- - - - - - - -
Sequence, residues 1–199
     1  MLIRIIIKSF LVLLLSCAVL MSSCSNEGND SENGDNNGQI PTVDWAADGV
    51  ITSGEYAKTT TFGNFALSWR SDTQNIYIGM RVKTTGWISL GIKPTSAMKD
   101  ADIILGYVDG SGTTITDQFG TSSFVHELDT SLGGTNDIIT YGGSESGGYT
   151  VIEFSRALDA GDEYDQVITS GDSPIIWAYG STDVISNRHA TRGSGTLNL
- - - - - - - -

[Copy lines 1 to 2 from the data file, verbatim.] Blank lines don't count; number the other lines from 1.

Sequence, residues 1–199
     1  MLIRIIIKSF LVLLLSCAVL MSSCSNEGND SENGDNNGQI PTVDWAADGV